In 2004, Parade Magazine reported that a typical American divorce costs $20,000-$50,000 in attorney fees! You can be sure that the cost is much higher today! Another, more recent article, reported that the average cost of a litigated divorce in California averages $45,000 for each party. Most of these costs are attorney fees, and in litigated divorces, attorney costs rise rapidly, and continue for a long time.
Mary and William have been divorced for 2 years. They have one child, Donna, who is 8 years old. Their divorce was a hotly contested one that took almost 2 years to finalize. During that time they had been to court on various motions all related to their daughter Donna, who lived with Mary. The disputes ranged from how much time William would have with Donna, to what school she would go to, what summer camp she would go to, what extracurricular activities she would be enrolled in, and how all of those things would be paid for. Both parents lived in Bergen County, New Jersey, close to the George Washington Bridge.
Ben and Clare were married for 18 years. Their daughter, a high school student, was 17 years old. Ben was a contractor who had made quite a good living until two years ago when the economy tanked. Before that Clare had occasional part time jobs and she volunteered for several charities. The glue that held this marriage together was Ben’s ability to support the family. When that started unraveling, so did the marriage.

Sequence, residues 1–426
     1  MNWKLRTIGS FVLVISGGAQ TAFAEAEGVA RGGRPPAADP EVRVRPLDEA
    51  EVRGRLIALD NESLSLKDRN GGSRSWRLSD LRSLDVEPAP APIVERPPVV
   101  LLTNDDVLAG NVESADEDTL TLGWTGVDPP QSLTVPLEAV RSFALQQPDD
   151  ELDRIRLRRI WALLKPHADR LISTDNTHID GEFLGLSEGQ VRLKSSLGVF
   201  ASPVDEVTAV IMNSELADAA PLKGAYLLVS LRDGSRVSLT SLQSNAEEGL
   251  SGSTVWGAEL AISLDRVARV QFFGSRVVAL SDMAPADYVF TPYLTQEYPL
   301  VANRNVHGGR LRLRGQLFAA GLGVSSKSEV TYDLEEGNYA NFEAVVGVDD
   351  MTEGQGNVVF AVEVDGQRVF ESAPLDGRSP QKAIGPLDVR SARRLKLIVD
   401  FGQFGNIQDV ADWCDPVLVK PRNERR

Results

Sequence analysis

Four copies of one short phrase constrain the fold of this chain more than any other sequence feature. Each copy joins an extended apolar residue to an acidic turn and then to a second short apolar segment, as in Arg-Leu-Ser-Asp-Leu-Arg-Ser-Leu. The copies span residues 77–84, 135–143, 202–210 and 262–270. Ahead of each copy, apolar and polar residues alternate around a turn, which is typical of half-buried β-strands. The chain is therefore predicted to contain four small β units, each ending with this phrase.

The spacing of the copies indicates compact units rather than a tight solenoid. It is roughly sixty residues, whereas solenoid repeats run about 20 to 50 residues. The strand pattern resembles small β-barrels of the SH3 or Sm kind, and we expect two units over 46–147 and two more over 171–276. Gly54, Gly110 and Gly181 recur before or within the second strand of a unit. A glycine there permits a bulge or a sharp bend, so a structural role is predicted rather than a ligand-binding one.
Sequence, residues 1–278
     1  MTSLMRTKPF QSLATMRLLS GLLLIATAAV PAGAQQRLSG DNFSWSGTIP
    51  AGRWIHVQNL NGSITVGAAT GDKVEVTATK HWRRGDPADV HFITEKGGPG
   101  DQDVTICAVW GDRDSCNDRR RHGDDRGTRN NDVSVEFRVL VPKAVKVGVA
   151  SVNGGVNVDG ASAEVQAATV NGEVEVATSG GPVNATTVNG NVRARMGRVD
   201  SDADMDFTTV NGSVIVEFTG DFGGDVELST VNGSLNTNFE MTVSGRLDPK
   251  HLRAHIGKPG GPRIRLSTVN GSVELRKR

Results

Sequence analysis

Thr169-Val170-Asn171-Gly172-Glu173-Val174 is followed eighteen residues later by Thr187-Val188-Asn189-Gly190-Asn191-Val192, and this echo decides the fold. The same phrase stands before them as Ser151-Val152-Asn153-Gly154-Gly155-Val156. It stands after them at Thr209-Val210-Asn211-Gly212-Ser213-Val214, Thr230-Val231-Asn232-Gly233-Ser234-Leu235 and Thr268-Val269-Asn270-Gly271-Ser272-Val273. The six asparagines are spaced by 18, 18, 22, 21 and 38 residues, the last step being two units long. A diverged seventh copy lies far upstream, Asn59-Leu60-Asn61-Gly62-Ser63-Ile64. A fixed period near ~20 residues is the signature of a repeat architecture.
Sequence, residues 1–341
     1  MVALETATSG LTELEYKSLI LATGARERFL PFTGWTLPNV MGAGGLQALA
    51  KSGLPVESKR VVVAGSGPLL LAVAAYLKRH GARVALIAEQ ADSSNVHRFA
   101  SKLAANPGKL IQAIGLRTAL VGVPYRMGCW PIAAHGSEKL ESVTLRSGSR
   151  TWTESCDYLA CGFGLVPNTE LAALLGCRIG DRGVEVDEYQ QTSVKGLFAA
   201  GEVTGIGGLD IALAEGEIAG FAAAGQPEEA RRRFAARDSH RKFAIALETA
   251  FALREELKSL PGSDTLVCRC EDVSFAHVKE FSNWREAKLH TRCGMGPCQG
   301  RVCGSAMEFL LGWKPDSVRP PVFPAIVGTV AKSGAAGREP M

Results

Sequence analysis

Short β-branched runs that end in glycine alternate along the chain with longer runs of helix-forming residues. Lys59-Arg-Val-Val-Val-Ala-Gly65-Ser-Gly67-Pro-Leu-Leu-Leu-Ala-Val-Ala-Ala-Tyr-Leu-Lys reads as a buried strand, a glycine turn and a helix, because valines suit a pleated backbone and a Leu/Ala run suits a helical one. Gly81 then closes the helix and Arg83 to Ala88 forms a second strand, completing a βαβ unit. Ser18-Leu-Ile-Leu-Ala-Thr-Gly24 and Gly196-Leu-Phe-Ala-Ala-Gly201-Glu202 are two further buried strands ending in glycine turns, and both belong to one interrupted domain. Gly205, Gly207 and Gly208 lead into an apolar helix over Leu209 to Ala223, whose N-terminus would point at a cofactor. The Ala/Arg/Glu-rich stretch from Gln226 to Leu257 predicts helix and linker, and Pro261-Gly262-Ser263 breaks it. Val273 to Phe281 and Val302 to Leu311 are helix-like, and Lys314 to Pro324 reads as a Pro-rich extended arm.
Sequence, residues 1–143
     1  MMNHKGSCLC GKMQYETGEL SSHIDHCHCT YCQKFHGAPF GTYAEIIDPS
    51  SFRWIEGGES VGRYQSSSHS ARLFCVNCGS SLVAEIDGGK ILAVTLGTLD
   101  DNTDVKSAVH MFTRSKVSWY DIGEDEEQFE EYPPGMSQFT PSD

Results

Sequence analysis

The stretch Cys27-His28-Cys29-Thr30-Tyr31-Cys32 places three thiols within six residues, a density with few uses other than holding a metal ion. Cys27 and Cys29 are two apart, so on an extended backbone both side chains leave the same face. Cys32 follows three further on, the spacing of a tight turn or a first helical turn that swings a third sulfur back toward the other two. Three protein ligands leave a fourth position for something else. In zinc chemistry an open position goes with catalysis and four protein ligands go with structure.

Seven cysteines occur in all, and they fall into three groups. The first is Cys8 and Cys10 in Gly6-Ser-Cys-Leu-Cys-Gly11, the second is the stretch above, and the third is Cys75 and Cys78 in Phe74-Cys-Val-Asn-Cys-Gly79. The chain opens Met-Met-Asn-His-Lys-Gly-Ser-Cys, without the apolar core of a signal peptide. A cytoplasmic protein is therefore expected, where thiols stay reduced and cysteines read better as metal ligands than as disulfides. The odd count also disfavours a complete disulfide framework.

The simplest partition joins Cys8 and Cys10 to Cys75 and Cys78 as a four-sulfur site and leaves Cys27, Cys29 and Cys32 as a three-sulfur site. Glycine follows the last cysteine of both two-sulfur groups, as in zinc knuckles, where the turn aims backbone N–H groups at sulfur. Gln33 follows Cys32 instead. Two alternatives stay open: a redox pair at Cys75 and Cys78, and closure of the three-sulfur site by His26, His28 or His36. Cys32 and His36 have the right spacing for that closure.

Parent Alienation is defined as a deliberate attempt by one parent to distance his or her children from the other parent. The motivation is to break the bond between the child and the other parent. It is very difficult for the alienated parent to overcome parent alienation. Rebuilding a relationship with an alienated child may seem remote or hopeless, but if no effort is made the chance of success is almost non-existent.
The 6 day trial lasted more than 5 months. The Family Part decision took more than 10 months more. The appeal was not argued until more than 16 months later. The Appellate Division opinion was not issued until more than 6 months later. Assuming the pre-trial period was only 12 months, this case lasted more than 4 years. “In this intensely contested matrimonial case…[the ] parties presented their respective positions in the course of a six-day trial that commenced on March 28, 2006, and ended August 16, 2006. Judge Cassidy addressed and disposed of all the issues raised by the parties in a memorandum of opinion dated June 29, 2007. After reviewing the record, and in light of prevailing legal standards, we affirm. “Marchev v. Marchev, March 16, 2009.”